Poetry as a Second Language

February 13, 2012

Mihaela Moscaliuc, Illya Kaminsky, and Carol Frost

Poets Mihaela Moscaliuc and Ilya Kaminsky discuss the art of poetry with Carol Frost at Thursday's Winter With the Writers event. (Photo by Justin Braun)

On Thursday, February 6, Mihaela Moscaliuc and Ilya Kaminsky shared insight on how moving to America and learning English after coming of age in communist Romania and Odessa shaped their lives and their art. At Rollins as part of Winter With the Writers, the two contemporary poets transported audience members to scenes of eastern European life under communist rule.

Reading excerpts of works both new and old, Moscaliuc and Kaminsky spoke each word with enchanting dynamics and flowing cadence. Yet, the tone of their art was dark. “Unfortunately, I don’t have many happy poems,” Moscaliuc commented. “I guess that’s what growing up in communism does.” In spite of the despairing musings on life under an oppressive regime, those in attendance could not help but be entranced by the beautiful prose.

“We listen and read fiction and poetry for words that tell us about ourselves and the world,” said Carol Frost, director of Winter With the Writers. Frost, who is the Theodore Bruce and Barbara Lawrence Alfond Professor of English and renowned poet and author, was given high praise from Moscaliuc. “She is not only an amazing poet, she is a poet’s poet, which is one of the greatest accolades in the poet’s world,” said Moscaliuc.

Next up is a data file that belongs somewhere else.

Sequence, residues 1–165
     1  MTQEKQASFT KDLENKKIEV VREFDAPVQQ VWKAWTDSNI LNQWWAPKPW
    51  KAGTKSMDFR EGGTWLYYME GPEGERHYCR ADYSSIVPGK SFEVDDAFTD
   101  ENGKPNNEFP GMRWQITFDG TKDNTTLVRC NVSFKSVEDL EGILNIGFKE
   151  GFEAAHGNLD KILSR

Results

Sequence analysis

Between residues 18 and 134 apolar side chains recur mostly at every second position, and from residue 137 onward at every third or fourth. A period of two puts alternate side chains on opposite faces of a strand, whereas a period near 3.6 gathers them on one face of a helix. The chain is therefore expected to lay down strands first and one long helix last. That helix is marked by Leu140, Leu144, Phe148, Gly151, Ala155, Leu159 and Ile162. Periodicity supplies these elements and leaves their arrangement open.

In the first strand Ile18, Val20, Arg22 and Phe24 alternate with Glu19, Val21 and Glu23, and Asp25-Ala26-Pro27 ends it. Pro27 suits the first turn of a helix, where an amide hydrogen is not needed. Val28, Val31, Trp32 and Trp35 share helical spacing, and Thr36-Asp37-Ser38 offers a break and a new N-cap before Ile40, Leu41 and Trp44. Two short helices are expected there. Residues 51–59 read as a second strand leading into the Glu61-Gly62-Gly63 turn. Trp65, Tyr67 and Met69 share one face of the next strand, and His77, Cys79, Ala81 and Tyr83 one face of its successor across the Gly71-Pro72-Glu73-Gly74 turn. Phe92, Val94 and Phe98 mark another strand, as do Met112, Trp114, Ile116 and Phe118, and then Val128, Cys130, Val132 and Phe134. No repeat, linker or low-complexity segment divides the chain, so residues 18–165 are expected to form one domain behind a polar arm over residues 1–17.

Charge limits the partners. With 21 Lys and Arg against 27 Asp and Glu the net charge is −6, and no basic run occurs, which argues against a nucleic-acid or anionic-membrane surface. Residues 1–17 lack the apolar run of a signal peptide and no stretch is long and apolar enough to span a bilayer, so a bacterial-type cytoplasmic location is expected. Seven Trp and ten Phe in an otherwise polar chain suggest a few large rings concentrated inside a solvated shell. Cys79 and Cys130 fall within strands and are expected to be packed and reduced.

For aspiring poets, Moscaliuc and Kaminsky offered attendees of their master classes new perspective on the use of language in poetry. “The two poets described how learning English helped them to realize the importance of each individual word in their poems,” commented Winter With the Writers intern Amanda Hampton ’12. “They taught me how to balance my personal voice while playing with language.”

“Coming to the English language as a foreigner, I became infatuated with every word,” Moscaliuc said. “Poetry was a great way for me to liberate the language.”

When asked what an aspiring writer must do to become so distinguished as she, Moscaliuc explained that natural talent does not dictate the success of a poet. “I came to writing out of a sense of necessity,” explained Moscaliuc on how she used her poetry as a means to capture her childhood memories before they were forgotten. “You can live and breathe poetry and it can change your life. If you’re passionate, you can become a poet. Just stay with it and keep writing.” Kaminsky added, “and go to the library.”

The next installment in the Winter With the Writers series will be held on Thursday, February 16, with a master class and reading by bestselling author and poet Paula McLain. For more information, please visit the Winter With the Writers website.

By Justin Braun

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